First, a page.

So here we are - essays to polish, and I guess I should proof-read everything that she's typed in to these online applications (College Park has their "roll your own" system, while UMBC uses the Common App). I've made sure they’ve gotten SAT and AP scores and HSS has told me the recommendations and transcripts have been submitted via the high school's on-line system. I guess I should double check that too. And stress a little more. And worry that I've forgotten something… or she has… or her school has...
I am now officially losing my mind; and this is just the first deadline of this whole stinking process.
So the month of November is looking to be especially busy - college applications, Girl Scout cookies, Thanksgiving, House of Ruth Adopt a Family drive at work... I'd have to be crazy to to add anything to that mix... so why not commit to posting once a day, every day?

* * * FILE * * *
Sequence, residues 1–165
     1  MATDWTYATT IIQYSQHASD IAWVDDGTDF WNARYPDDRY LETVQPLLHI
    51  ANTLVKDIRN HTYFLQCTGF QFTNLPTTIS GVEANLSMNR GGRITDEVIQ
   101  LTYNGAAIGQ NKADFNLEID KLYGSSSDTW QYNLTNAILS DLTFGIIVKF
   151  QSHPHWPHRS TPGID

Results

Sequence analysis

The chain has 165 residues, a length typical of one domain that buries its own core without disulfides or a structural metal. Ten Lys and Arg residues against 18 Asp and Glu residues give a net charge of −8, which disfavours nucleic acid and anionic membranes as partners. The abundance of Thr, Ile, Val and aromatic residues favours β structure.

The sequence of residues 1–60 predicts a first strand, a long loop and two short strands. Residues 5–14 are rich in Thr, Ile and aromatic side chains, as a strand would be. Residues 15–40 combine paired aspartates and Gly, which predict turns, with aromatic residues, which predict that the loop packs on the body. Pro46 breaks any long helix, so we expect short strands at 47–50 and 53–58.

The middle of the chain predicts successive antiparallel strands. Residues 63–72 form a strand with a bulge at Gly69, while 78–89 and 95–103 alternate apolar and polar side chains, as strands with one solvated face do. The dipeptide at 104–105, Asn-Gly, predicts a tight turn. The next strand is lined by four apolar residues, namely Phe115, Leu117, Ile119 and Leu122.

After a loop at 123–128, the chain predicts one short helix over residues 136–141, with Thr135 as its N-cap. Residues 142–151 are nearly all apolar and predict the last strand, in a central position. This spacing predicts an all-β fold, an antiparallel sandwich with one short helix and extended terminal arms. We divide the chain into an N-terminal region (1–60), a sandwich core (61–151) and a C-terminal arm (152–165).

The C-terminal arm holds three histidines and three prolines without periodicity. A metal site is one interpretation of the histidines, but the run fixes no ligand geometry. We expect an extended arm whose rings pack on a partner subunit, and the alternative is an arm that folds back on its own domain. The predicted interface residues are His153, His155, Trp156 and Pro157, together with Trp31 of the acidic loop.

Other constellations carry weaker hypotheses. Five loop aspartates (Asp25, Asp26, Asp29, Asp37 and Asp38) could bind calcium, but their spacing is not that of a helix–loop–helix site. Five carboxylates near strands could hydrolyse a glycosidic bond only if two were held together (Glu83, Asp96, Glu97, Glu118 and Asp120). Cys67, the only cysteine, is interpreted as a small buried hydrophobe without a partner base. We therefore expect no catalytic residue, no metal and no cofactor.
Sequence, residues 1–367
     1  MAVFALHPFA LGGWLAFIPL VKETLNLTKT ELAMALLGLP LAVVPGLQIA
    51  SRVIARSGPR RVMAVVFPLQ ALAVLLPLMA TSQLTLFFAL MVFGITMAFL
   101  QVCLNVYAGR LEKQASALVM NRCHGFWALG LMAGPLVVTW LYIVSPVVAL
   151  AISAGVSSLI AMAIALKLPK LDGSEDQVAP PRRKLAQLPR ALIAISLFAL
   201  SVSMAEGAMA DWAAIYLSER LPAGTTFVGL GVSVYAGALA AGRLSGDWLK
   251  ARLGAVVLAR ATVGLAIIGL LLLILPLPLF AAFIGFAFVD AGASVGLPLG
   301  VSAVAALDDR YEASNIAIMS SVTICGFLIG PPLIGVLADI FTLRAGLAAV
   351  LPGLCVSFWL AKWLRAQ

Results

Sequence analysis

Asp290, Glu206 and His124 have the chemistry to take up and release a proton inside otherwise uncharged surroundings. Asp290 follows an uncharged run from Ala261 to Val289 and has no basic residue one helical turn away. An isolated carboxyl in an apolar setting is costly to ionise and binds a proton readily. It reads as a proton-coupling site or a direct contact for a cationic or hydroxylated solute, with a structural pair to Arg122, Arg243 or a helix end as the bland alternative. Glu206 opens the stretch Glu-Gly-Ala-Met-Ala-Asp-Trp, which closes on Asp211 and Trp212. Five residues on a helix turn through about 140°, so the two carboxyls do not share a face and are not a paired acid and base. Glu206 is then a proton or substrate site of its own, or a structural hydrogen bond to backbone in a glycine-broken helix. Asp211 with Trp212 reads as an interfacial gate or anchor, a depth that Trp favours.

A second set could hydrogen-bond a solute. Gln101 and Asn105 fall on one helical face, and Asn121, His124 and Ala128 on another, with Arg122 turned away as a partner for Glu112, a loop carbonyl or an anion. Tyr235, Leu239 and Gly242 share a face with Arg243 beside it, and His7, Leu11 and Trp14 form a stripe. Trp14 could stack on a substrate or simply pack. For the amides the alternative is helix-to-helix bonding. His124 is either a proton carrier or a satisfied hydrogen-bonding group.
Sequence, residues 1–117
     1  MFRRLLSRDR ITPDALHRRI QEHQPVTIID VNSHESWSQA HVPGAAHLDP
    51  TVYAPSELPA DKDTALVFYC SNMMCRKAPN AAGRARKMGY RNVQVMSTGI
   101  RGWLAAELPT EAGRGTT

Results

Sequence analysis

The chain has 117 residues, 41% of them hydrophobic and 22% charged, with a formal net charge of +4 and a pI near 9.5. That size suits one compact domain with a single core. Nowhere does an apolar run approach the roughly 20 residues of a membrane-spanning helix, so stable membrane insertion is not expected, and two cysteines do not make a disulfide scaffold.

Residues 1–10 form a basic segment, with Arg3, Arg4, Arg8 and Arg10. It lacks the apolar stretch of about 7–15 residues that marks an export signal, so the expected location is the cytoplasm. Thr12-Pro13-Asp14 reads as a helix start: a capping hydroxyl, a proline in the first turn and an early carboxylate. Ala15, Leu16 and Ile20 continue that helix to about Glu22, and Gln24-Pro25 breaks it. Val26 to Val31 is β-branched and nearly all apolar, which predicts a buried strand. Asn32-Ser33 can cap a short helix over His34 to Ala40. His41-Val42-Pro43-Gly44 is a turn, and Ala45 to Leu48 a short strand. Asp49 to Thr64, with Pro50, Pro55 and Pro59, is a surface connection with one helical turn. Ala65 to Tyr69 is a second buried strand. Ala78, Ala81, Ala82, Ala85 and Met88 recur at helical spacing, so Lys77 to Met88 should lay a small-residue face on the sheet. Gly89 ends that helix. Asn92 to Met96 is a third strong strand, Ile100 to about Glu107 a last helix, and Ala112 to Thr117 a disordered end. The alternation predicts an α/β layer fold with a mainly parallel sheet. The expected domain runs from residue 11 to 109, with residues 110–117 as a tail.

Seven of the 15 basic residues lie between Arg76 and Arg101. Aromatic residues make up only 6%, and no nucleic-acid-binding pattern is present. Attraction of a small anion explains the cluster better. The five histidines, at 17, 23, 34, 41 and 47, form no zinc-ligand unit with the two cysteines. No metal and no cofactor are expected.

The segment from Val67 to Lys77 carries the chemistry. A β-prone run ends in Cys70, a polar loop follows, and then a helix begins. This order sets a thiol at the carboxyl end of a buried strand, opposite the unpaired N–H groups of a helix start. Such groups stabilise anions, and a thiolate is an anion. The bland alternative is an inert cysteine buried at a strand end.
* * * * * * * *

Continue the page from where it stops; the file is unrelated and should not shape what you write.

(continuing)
National Blog Posting Month is a Blogher thing, as far as I can tell. You can look here for info and here for FAQs. Spur of the moment, hopefully along with four fellow Baltimore Education Bloggers (1, 2, 3 and 4), I'm going to post every day.
I'm also making a commitment to check out my NaBloPoMo buddies and comment and link to their posts.
I'm not promising long posts, but I will post. In reality, the chaos of the month should make it easier to post...how college essays are adding stress to my marriage, 504 meetings, cleaning up the house for Thanksgiving with the extended family, beginning of the Special Hockey season. I could probably come up with 30 topics right now.
OK, I'm feeling psyched and confident - NaBloPoMo, here I come.
Yesterday msk came down with some sort of minor bug. Nothing too much, just some sniffles and a desire to lay down. Also, not eating as much, which is pretty noticeable when a certain almost 13 year old typically eats constantly on weekends.